Financial Literacy

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Financial literacy has received increased attention since the global financial crisis and the literature confirms that it is correlated with personal financial management . In parallel, financial education programs have grown in popularity and an increasing number of countries are developing national financial education strategies and making more investments in related programs. Literature has recently emphasized the association between financial literacy or numerical and mathematical ability, on the one hand, and risk diversification, retirement savings, investment portfolios on the other.
Traditional economic theory posits that forward-looking individuals maximize expected lifetime utility using economic information to accumulate and then
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Specifically, we examine the links between financial literacy, by which we mean the ability to process economic information and make informed decisions about household finances, and personal financial management and pension contributions. Barsky et al., (1997), Previous studies have reported strong correlations between financial literacy and asset accumulation as well as retirement planning. These findings have prompted policymakers to support efforts to enhance household personal financial management and welfare through increasing financial literacy. For instance, the U.S. President’s Advisory Council on Financial Literacy recently stated that: "While the crisis has many causes, it is undeniable that financial illiteracy is one of the root causes, Sadly, far too many individuals do not have the basic financial skills necessary to develop and maintain a budget, to understand credit, to understand investment vehicles, or to take advantage of our banking…show more content…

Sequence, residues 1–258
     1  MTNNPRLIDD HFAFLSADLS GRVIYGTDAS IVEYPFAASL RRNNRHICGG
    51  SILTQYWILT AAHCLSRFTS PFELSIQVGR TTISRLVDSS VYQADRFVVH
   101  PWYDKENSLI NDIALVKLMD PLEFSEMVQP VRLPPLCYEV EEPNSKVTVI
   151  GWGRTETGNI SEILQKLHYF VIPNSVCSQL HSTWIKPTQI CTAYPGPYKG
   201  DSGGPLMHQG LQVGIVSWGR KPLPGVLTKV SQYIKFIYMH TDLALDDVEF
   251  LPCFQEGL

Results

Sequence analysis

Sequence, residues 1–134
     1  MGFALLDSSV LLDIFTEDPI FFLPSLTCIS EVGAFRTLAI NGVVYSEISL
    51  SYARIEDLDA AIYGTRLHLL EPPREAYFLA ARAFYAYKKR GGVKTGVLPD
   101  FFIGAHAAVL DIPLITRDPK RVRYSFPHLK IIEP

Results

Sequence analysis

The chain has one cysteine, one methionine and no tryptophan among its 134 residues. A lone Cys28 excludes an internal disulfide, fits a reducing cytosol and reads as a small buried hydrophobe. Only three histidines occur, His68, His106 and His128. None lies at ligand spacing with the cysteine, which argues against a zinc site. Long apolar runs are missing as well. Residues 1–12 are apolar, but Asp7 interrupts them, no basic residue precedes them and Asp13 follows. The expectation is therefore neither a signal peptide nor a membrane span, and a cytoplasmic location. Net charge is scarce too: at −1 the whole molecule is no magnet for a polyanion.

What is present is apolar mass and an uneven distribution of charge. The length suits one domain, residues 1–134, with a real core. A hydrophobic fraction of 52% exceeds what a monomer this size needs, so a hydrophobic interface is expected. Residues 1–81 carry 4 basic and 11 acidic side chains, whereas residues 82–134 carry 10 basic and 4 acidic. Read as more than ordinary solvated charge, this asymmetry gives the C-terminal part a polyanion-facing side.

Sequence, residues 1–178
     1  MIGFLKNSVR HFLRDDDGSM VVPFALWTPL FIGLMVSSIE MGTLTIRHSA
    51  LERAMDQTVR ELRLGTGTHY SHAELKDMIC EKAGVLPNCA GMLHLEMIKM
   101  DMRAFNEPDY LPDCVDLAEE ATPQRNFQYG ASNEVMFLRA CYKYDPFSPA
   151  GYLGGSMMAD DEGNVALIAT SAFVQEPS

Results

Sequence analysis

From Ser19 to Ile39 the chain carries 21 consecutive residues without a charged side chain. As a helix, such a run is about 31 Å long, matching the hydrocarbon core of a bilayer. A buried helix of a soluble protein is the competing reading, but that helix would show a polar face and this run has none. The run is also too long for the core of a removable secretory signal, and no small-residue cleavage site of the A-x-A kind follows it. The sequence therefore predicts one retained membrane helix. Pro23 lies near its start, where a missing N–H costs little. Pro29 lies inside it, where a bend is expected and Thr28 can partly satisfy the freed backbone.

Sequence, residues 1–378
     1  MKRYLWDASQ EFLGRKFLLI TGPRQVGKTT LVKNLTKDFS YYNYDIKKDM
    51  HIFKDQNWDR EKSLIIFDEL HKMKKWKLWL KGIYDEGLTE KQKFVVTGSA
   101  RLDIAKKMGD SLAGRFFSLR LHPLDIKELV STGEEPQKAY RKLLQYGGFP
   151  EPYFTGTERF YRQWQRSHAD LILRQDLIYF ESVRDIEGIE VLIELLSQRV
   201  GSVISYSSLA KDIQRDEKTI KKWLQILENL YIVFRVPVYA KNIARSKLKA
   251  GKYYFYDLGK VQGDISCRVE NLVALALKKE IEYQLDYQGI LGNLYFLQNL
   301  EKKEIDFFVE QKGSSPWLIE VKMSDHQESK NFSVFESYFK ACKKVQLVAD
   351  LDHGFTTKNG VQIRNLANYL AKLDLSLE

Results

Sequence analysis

Moore (2003) explained that individuals are considered financially literate if they are competent and can demonstrate they have used knowledge they have learned. Financial literacy cannot be measured directly so proxies must be used. Literacy is obtained through practical experience and active integration of knowledge. As people become more literate they become increasingly more financially sophisticated and it is conjectured that this may also mean that an individual may be more competent” Many concepts, such as numeracy, share features with financial literacy. However, numeracy applies much more broadly than to just financial matters and represents a much more basic skill set more closely aligned to more general cognitive abilities (OECD, 2005). Hence, we argue that it is more productive to keep general numeracy distinct from financial literacy, instead treating it as a supporting

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